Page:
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Water Scarcity in the United Arab Emirates

Introduction

Although some people still focus on the value of such resources like oil, it has become evident that the most valuable natural resource is water. Many countries have acknowledged the fact that drinking water is becoming scarce in many regions, and even highly industrialized and wealthy countries are prone to this problem (Hameed et al., 2019). The Gulf region is characterized by a considerable level of water scarcity due to the peculiarities of its climate and geographic location (Alzaabi, Rizk, & Mezher, 2018). For centuries, people living in the area had to address the problem, and even in the 21st century, the problem is still persistent. The UAE has made a remarkable effort to ensure its national security associated with its citizens’ access to potable water. Effective water management can ensure economic growth and political stability, while the government’s inability to meet the needs of Emirati people can lead to tension in society or even social unrest. Various issues linked to water use and production are yet to be solved, and future threats have to be considered. The unsustainable use of water is one of the central causes of the shortage alongside climate and geographic factors.

Water in the UAE

The lack of drinking water is not a new problem for the region, so countries of the Middle East have developed certain strategies to ensure that their citizens’ needs are met. The Emirati water sources include groundwater (44%), desalinated water (41%), treated water (15%), and surface water (0.4%) (Alshaikh, 2018). Desalinated and treated water are non-conventional sources associated with certain peculiarities and concerns that will be discussed below. It is noteworthy that surface water is an unreliable source of drinking water due to a high evaporation rate that can reach up to 200mm per year. Groundwater has been one of the primary (and in many cases, the only) source of water for decades and centuries. One of the peculiarities of this source is its reliance on rainfalls that are rather rare in the UAE. So, the replenishment of reserves is often insufficient to address the needs of people. Falajes were the major sources of water in the east of the country, but many of these arteries are dry now. The primary causes of this situation are draught and unsustainable groundwater pumping. The country has to face a serious issue related to this source as the volume of water is shrinking while the need for this valuable asset is hiking.

Factors Contributing to Water Scarcity

As mentioned above, the location of the United Arab Emirates is characterized by a harsh environment as the north of the peninsula is primarily a desert. The amount of precipitation is insufficient, which leads to the desertification of even more lands. For instance, the minimum reported rainfalls in the UAE were approximately 3mm (Alshaikh, 2018). The region may have heavy rainfalls with the reported maximum level at about 150mm, but the evaporation rate can be as high as 200mm every year, which means that rainfall water can hardly be used after the period of rains. Moreover, considerable rainfalls are rather rare in the area and happen only once in ten years.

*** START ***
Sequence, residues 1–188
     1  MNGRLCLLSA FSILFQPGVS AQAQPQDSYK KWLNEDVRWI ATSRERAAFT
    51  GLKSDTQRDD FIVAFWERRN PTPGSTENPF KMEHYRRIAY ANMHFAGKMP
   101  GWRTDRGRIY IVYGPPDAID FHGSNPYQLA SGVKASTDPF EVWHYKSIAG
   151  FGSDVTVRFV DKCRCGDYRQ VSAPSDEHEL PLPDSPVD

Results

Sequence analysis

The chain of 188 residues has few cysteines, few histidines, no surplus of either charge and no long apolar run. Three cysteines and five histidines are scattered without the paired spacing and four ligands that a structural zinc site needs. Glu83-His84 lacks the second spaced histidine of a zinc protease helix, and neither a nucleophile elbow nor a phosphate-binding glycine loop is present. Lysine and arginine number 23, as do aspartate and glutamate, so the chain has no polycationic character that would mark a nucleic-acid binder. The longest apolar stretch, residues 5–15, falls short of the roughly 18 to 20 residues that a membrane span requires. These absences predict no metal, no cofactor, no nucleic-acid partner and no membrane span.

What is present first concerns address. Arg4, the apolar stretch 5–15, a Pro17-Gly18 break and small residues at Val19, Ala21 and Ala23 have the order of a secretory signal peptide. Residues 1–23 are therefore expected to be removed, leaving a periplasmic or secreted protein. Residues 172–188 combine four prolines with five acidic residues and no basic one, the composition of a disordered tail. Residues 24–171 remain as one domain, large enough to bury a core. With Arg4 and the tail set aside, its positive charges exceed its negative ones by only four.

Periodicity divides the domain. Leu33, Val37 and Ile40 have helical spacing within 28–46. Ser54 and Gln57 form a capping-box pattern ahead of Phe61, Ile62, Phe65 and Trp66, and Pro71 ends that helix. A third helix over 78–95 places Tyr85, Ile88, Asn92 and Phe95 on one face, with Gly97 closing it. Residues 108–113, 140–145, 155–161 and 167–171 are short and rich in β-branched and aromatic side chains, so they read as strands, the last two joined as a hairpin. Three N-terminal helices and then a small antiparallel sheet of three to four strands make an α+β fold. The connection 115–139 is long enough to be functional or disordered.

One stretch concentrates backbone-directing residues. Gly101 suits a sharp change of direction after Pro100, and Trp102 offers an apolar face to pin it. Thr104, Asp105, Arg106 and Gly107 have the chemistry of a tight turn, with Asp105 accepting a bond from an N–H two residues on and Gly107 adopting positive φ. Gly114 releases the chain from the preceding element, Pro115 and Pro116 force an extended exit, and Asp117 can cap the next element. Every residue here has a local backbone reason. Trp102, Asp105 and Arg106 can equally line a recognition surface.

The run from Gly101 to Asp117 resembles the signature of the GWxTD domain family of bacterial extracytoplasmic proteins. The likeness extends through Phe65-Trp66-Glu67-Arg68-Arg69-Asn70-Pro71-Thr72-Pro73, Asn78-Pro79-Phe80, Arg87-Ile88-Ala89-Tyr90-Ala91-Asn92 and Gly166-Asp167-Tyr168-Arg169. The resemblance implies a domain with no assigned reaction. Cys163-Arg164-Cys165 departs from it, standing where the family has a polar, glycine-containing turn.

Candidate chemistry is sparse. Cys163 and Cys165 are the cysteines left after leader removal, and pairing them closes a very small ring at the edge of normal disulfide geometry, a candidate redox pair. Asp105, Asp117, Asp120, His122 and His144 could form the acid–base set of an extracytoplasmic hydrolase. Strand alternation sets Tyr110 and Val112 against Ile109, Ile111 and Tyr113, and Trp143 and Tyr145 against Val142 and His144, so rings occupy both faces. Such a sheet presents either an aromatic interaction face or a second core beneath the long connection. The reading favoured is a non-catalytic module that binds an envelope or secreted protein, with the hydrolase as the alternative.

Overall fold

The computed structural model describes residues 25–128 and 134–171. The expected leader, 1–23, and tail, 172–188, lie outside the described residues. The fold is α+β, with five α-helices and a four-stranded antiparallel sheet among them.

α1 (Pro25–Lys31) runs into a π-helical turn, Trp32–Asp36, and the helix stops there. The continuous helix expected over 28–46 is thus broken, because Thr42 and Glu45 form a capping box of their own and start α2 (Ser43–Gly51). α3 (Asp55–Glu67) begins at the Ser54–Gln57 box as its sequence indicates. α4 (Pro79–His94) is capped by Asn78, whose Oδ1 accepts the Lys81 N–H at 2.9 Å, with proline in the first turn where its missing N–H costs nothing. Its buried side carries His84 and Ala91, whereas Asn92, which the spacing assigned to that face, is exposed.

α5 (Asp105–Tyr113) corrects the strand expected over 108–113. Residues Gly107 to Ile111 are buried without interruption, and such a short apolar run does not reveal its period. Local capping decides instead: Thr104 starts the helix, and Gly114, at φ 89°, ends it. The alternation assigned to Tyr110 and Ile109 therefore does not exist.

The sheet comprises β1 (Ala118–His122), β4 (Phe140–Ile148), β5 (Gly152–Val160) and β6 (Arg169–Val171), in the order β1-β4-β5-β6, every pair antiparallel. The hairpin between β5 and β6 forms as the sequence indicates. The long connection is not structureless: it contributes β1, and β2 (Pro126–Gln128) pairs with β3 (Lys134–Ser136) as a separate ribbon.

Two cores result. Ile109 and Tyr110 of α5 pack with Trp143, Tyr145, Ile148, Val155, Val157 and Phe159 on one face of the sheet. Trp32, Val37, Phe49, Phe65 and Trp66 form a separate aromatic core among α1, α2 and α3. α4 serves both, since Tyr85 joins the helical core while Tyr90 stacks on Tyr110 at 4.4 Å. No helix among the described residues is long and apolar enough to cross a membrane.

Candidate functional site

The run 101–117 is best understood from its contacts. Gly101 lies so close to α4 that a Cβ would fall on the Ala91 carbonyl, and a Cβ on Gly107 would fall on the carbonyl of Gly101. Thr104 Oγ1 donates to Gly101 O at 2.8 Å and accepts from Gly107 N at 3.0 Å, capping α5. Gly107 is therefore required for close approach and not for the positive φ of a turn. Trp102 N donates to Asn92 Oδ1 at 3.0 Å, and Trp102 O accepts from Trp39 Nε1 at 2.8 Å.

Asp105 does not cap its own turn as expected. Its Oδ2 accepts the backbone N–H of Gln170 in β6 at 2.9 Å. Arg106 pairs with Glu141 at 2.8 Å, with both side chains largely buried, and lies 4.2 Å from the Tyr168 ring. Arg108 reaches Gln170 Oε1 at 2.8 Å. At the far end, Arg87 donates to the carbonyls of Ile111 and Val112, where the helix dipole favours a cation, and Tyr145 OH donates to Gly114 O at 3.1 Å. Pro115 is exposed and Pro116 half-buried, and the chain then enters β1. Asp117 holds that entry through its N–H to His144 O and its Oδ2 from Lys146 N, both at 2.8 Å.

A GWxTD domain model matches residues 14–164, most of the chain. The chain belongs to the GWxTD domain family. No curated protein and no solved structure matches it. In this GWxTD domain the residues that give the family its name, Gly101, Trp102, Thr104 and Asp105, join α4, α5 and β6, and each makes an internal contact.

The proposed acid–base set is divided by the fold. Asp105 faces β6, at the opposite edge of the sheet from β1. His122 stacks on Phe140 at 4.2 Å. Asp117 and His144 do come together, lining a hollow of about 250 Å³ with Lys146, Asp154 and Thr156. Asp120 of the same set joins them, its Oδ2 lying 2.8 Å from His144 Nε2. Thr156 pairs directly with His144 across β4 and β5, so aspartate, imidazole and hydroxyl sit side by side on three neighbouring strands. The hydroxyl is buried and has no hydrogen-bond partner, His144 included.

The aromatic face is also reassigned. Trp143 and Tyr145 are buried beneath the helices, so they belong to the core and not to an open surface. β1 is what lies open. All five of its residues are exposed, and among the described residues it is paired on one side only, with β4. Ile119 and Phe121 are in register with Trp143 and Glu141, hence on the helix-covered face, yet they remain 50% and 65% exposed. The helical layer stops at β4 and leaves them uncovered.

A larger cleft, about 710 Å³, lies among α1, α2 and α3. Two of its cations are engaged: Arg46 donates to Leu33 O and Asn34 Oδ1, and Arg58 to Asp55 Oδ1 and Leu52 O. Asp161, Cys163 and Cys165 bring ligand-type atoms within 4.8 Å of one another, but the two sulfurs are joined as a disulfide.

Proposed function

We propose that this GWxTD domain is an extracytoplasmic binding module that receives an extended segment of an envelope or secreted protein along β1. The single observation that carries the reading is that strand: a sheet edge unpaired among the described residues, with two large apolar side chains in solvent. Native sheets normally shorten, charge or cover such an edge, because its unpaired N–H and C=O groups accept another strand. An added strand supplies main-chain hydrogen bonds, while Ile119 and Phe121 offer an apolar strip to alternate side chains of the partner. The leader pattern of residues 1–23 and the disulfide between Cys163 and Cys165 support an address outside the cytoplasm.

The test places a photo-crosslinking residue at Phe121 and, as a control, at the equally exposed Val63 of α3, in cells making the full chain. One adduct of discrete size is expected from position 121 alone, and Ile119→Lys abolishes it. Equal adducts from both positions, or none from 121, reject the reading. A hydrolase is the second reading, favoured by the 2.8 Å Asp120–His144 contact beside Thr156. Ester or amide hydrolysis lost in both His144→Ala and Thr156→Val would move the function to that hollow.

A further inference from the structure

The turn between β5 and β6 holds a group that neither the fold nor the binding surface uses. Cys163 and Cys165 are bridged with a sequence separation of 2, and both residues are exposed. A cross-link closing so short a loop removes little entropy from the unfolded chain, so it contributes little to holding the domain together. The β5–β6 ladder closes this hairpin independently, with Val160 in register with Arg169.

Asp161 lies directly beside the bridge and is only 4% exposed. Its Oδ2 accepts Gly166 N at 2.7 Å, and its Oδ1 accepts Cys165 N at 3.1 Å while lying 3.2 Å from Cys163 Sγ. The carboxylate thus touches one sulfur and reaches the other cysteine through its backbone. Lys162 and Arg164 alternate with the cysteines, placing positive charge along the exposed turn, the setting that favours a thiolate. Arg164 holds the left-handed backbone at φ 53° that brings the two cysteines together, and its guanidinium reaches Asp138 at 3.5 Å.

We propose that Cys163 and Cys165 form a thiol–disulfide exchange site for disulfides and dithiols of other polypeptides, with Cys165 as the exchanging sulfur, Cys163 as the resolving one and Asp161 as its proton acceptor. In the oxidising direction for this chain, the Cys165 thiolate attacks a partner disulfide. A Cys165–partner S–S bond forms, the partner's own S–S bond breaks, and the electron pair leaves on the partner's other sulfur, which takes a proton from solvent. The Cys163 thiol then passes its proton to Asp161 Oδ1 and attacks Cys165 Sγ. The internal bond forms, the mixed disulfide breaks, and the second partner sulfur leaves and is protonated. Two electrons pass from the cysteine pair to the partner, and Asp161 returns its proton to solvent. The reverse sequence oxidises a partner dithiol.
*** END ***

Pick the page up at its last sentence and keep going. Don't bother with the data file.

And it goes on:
However, geographic and climate peculiarities are not completely responsible for the shortage of water. Urbanization and an increasing population also account for the decrease in the amount of accessible water. The population density in some areas is remarkable, and this disproportion intensifies the problem. For instance, 65% of the UAE population resides in the coastline territory that is only 5 kilometers long (Alshaikh, 2018). The current population of the country is approximately 10 million people, and it is expected that it will continue growing exponentially (Alzaabi et al., 2018). This demographic trend is associated with the growing consumption of water and the need to address this problem within a short period of time.

At the same time, unsustainable use may account for the scarcity of water to a greater extent compared to the factors considered above. Water is utilized in various industries and agriculture, so economic growth is associated with a heavier load on the available sources of water. The UAE has substantial deposits of oil, which contributed to the country’s economic prosperity. However, the production of crude oil and the functioning of refineries require over 200 million m3 of water annually (Hameed et al., 2019). Hence, economic development mainly relies on the availability of water.

Nevertheless, the major part of all water resources is used for agriculture in the UAE. According to the data of the World Bank, the country uses about 70% of its total water for irrigation and livestock (Al-Saidi & Saliba, 2019). It is noteworthy that the added value of the agricultural sector is 0.7%. Researchers emphasize that the use of water in the agricultural sector is characterized by an unprecedented lack of sustainable strategies and methods (Alshaikh, 2018). It has been estimated that approximately 30% of water utilized for irrigation is lost due to the high level of evaporation. The majority of farmers employ rather outdated irrigation techniques, such as flooding, which results in the low efficiency of their enterprises and high waste of resources. The increasing population requires more food, which will lead to the development of agriculture and the use of water that is becoming scarce in many parts of the country.